How to Heal a Popped Pimple Scab

6 Steps to Heal a Popped Pimple Fast

Woman squeezing pimple
B2M Productions / Getty Images

So you popped a pimple that was driving you crazy (yeah, you know you shouldn’t pop pimples but sometimes you just can’t help yourself). Now, instead of a pimple, you have an angry red sore or a dry crusty scab.

Time to heal that popped pimple, and fast. Try these tips to help minimize the damage done to your skin, and get that painful sore well on its way to healing.

1. Don't Continue to Pick at the Pimple

First things first: You must allow the popped pimple to heal.

That means no more messing with it.

Don’t squeeze it to see if any more will come out, even if the blemish develops a white head again. Don’t pick at the scab. Let your skin start the healing process without being interrupted. As your skin heals, hands off.

2. Gently Clean the Blemish

If you’ve just recently popped the pimple, go ahead and give it a good cleansing now. You can use your regular facial cleanser for this as you’re washing your face. Be gentle, though, and try not to knock off the scab that is trying to form.

You can also use a touch of witch hazel on a cotton ball or swab. Carefully dab the popped pimple with this solution a few times a day, at least until a good scab forms. Again, don't aggressively rub at it or disrupt the forming scab.

Although lots of people suggest cleaning a popped pimple with rubbing alcohol or hydrogen peroxide, those can sting and aren't as effective as witch hazel as reducing inflammation.

3. Apply Ice If Your Popped Pimple Is Swollen

If you've really went to town squeezing at a blemish, you probably have a big, swollen, red bump on your face right about now. Ice is the best way to soothe it down and reduce inflammation.

Use an ice cube or cold pack, either wrapped in a soft cloth or paper towel.

Apply it over the swollen area for a few minutes at a time, several times a day. This will help take down the swelling and make your popped pimple look and feel a whole lot better.

If your popped pimple isn't swollen and already has formed a scab, icing the area won't do anything so you can just skip this step.

4. Dab on an Antibiotic Ointment

Treat your popped pimple like an open wound, because that's basically what it is. An over-the-counter antibiotic ointment is your best friend.

Dot a tiny amount directly on the popped pimple or scab. This will help speed up healing time. It also keeps the scab moist, so it won't look as dry, crackly, and obvious.

Keep a picked-at pimple covered with a small amount of ointment until it's fully healed. This can take a few days.

Also, make sure you're only covering the pimple, not the skin around it (especially if it's on your face). Antibiotic ointment may clog your pores, so you want to keep it just in the area where it's needed.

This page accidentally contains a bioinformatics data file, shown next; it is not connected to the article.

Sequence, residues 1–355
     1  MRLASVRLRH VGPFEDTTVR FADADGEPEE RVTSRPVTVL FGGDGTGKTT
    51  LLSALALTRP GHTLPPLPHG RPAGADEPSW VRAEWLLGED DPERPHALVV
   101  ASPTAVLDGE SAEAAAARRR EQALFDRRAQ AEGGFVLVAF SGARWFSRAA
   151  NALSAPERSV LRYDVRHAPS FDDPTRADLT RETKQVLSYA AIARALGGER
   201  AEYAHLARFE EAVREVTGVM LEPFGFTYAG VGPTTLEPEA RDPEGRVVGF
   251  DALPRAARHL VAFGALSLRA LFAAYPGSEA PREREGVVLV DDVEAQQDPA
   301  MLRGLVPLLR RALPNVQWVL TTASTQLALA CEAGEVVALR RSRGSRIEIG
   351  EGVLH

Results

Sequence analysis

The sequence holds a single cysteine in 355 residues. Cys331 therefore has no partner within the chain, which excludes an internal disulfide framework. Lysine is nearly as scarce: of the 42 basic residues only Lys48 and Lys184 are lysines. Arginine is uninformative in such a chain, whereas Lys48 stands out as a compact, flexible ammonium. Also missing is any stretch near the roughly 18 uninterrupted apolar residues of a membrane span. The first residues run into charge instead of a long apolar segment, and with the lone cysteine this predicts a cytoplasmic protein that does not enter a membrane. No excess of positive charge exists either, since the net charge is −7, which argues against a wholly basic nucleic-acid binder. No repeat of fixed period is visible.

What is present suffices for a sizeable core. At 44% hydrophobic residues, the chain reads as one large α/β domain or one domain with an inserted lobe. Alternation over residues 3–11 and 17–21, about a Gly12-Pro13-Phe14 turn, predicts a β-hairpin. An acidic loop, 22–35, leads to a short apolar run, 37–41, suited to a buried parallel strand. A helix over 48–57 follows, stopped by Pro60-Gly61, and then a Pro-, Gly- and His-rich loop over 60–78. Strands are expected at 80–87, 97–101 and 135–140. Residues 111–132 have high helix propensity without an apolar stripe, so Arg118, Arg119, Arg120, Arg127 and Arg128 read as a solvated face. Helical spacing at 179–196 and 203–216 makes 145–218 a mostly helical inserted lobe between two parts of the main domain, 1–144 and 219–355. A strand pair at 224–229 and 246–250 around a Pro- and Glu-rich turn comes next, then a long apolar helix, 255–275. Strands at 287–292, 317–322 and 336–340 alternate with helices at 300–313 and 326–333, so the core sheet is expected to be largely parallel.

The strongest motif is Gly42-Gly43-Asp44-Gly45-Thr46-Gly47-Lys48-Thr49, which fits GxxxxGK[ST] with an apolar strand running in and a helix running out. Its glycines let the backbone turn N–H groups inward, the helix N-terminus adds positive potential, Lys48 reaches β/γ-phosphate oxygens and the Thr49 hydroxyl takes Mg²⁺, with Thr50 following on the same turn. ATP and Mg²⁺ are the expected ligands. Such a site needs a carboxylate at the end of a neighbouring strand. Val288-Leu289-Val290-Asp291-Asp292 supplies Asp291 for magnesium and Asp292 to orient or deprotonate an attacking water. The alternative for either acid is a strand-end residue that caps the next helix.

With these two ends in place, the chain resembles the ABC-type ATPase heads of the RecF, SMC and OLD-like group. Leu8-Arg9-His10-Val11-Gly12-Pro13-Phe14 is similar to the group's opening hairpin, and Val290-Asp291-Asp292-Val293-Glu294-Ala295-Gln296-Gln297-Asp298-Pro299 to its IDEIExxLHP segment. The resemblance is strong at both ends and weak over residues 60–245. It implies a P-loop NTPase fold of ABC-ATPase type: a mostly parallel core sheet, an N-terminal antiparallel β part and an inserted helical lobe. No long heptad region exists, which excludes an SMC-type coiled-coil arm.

5. Leave the Scab Alone

It can be tempting but don't mess with the scab. You need that scab to stay put for your pimple to heal. Each time the scab is removed, the healing process has to start all over again putting you back at square one.

If you're a bonafide picker, do your best to keep your hands off your face. Again, keeping the scab covered with a healing ointment makes it less appealing to pick it off.

6. Continue Using Your Acne Treatments

If you're using any OTC acne products or prescription acne medications, you should continue to do so. Most acne medications have antibacterial properties which should be helpful in getting that pimple to heal.

Remember, if you treat your popped pimple well, it should heal within a few days. Try to be patient until this happens.

A Word From Verywell

The best-case scenario is that you don't pop your pimples ever.

But we're all human, and most humans occasionally pop pimples.

Still, try your very best to not squeeze at your blemishes. Popping pimples increases your risk of developing acne scars, and can make acne worse.

If you have a compulsive need to pop, pick, or squeeze your blemishes, to the point of causing damage to your skin, talk with your physician. You may have a specific type of acne called excoriated acne. Your doctor can help you get the treatment you need.

If you aren't a compulsive picker, but still need help getting breakouts under control, you should give your doctor a call too. There are prescription medications that can help you clear acne.

Either way, follow the steps to help healing take place and next time try your best to leave the blemish alone. It really is the best, and safest thing to do for your skin. But, if you really must extract a blemish, these tips will help you do so safely.


"Questions and Answers About Acne." National Institute of Arthritis and Musculoskeletal and Skin Diseases (NIAMS). Jan 2006. National Institutes of Health.

Zaenglein AL, Pathy AL, Schlosser BJ, Alikhan A, Baldwin HE, et. al. "Guidelines of Care for the Management of Acne Vulgaris." Journal of the American Academy of Dermatology. 2016; 74(5): 945-73.